5 Ways to Help Others and Stay Mentally Strong
We are a few weeks into shelter at home, social distancing, remote working, and job losses. What mental health experts warned us might happen, has happened. Some people are lonely, frightened, agitated, and angry. Others are able to cope and adapt to the new normal easier.
People who are normally social connectors may be struggling the most. They have lost one of their primary purposes. These are the people who told the stories, shared a quick joke or authentically wanted to know how you are. If this person works with you, or is a friend, reach out. Invite them for a Zoom or FaceTime Happy Hour or coffee. While it isn’t the same, it does allow for some social bonding. Managers should encourage non-work-related video chats which helps replace the team that was being built in the office. Try a shared crossword puzzle for a little fun.
The silence – or the noise – can be overwhelming. These are at either end of the spectrum. There are either too many people in a small shared space or the opposite of having no one with whom to share the space. Some families have two spouses working from home as well as kids electronically attending school while others may be trying to work and simultaneously home school their children. Add a couple of animals to the mix and the sound is overwhelming. Contrast that to someone who is living alone whose primary companion now is telephonic or electronic. They cannot even feel the soft touch from a loved one. Either extreme can cause depression, anxiety, and stress. Employers can help with the overcrowded home with staggered and flexible work shifts when possible. They can have managers reach out to see how people are doing. Conversely, check in on the people who are alone. Ask them how it is going where they are and listen. The gift of fully listening is powerful.
A steady diet of news is crushing. Some people are unable to pull themselves away from the COVID news either on television or the Internet. This constant diet of negativity is feeding their fear and anxiety. A simple solution is to limit the amount of time spent reading or viewing the news each day. Select one or two sources and look at those. Resist the temptation. Instead, fill that time by reading something positive or watching something on television that is upbeat. Now more than ever having a mental diet of healthy food that creates thoughtful consideration is an act of kindness to oneself.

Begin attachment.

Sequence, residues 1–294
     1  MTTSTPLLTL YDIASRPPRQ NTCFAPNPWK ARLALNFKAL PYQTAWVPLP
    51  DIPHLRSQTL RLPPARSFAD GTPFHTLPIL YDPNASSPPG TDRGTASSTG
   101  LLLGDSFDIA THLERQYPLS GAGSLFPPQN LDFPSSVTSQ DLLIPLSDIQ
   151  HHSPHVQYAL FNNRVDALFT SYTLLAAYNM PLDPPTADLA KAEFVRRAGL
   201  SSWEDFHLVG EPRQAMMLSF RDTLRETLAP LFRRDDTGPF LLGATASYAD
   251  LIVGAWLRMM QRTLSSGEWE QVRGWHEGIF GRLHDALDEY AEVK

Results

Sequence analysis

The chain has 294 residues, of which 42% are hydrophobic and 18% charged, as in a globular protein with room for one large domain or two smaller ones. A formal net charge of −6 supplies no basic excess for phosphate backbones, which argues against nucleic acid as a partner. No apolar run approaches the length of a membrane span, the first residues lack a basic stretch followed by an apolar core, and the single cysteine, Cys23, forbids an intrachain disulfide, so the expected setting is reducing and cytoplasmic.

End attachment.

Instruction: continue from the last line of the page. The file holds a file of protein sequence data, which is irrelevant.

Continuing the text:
Fear is hitting people at their core. They are fearful for their health, the health of their family members, and their economic well-being. In Maslow’s hierarchy of needs, safety and security are the bottom tier of human needs. These are both threatened during this pandemic. Employers should encourage employees to reach out to their EAP – Employee Assistance Program - for help and guidance. Most EAP plans are tele-health and delivered at low or no cost. Conversations with EAP counselors are confidential and not disclosed to employers. If people are unsure if they have this coverage, they can reach out to their insurance carrier to see what mental health benefits are available.
The uncertainty of doing something, doing nothing, or not knowing what to do. Uncertainty coupled with guilt is draining. We are in a world of unknowns and one of the biggest unknowns is when this will end. Decisions that were once easy such as stopping by the grocery store to pick up a gallon of milk are now fraught with uncertainty. Am I exposing my family or some stranger to the virus if I go to the grocery store? Am I being irresponsible and not caring about the greater good? Is having someone else deliver my groceries more or less responsible? The list goes on. While these are individual decisions, there is commonality as many of us are facing these same decisions. Ask friends and family about what they have done. Accept that decisions are going to be the most right at the time given the circumstances surrounding the decision. There are simply fewer decisions that are easy.
Inaction is the enemy. Reach out. Connect. Be kind.
About the Author: Brenda Edwards is the Executive Director of the Phoenix law firm of Jaburg Wilk. She frequently writes on law firm management topics.